Self-Control, Financial Well-Being, and Motivated Reasoning : Essays in Behavioral Finance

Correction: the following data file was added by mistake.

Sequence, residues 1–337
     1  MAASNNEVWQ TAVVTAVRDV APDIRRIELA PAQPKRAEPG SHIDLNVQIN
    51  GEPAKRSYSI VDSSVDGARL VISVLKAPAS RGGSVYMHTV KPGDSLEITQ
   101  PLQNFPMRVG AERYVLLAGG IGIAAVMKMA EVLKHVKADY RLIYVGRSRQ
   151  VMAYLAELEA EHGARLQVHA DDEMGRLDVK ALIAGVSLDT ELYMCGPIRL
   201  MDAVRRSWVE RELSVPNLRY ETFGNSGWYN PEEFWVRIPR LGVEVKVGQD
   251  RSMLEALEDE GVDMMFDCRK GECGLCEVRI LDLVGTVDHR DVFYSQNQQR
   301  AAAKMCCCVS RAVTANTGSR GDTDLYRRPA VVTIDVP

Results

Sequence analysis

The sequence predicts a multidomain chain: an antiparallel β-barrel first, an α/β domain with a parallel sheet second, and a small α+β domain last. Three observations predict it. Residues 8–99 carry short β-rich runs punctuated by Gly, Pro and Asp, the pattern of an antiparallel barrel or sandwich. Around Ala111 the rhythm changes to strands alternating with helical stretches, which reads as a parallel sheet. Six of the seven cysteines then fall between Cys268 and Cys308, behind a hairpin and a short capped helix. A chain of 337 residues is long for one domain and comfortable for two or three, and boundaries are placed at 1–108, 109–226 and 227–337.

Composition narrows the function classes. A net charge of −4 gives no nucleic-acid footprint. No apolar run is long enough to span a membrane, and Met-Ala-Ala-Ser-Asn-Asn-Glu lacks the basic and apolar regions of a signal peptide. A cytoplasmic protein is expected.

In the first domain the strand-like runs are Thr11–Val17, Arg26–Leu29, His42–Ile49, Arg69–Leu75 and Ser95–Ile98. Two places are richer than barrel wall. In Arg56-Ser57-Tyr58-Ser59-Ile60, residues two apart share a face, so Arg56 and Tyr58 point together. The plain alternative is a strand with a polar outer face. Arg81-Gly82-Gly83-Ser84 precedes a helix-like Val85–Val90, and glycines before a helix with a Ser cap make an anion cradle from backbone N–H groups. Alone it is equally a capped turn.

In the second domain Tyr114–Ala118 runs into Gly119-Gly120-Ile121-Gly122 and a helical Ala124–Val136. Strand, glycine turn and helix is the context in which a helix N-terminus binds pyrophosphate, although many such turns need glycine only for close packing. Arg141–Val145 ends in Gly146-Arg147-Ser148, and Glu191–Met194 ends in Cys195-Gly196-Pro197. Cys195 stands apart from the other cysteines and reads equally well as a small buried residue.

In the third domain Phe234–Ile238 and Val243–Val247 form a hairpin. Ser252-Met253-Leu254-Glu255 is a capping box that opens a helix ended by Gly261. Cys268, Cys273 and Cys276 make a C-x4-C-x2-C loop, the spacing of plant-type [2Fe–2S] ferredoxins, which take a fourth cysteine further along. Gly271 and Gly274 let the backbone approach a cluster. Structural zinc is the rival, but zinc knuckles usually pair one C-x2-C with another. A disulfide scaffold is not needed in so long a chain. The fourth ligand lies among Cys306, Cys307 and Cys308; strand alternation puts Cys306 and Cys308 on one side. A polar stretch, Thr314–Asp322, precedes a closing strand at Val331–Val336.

Sammanfattning: The objective of this thesis is to improve our understanding of how individual differences in intuitive and analytic decision making are associated with people’s behavior as well as their well-being. The first three essays investigate, in turn, how self-control—a typical System 2 driven ability—correlates with financial behavior, financial well-being, and affective forecasting ability. The fourth essay leverages an experimental design, in which a randomized treatment attempts to inhibit the use of System 2 processing by individuals by setting them under time pressure, while measuring how they interpret numerical information.The first essay, Does Self-Control Predict Financial Behavior and Financial Well-Being?, describes how variation in self-reported individual differences in self-control, optimism and deliberativeness predicts financial behavior and financial well-being. Data was collected by means of an online survey distributed to a representative, adult Swedish sample. Results indicate that individuals with better self-control were more likely to engage in sound financial behaviors, were less anxious about financial matters, and felt more secure in their current and future financial situation than individuals displaying lower levels of self-control.The second essay, Subjective Self-Control but Not Objective Measures of Executive Functions Predicts Financial Behavior and Well-Being, is a follow-up study of the first essay. Apart from using the same self-reported measures of self-control, optimism, and deliberativeness as essay one does, this analysis additionally includes an extensive test battery of objective performance measures of executive functions and intelligence. Findings suggest that, while self-reported self-control predicts both financial behavior and subjective financial well-being, neither of the executive functions, nor intelligence do so. This indicates that an ability to form good habits and avoid temptation is more important for sound financial behavior and financial well-being than actual inhibitory control.The third essay, Better Self-Control Does Not Imply Fewer Affective Forecasting Errors, explores whether individual-level differences in self-control can explain observed variation in affective forecasting ability. Moreover, it assesses whether participants with strong self-control are more likely to make “optimal choices” in an intertemporal choice task: i.e. choices that maximize their own expected happiness. To test this, the study leveraged a laboratory experiment with a student sample in Linköping and Stockholm. Study results uncover no evidence of self-control predicting affective forecasting ability. Equally, self-control seemingly had no effect on the probability of individuals’ choosing happiness maximizing options.The fourth essay, Motivated Reasoning, Fast and Slow, investigates whether prior beliefs may hinder individuals from interpreting information about immigration and gender quotas correctly: a process commonly referred to as motivated reasoning. In general terms, motivated reasoning can be conceptualized as an intuitive or analytic process. Testing the prevalence of this form of sense-making, we ran an online experiment where half the respondents were tasked to interpret numeric information under time constraints, and the rest without said constraints. Findings provide clear evidence of the existence of motivated reasoning with regards to issues of both immigration and gender quotas. Numeric ability seemingly reduced the probability of individuals to engage in motivated reasoning, while time pressure had no effect on said likelihood. Hence, results suggest that motivated reasoning is an intuitive, rather than an analytic process.

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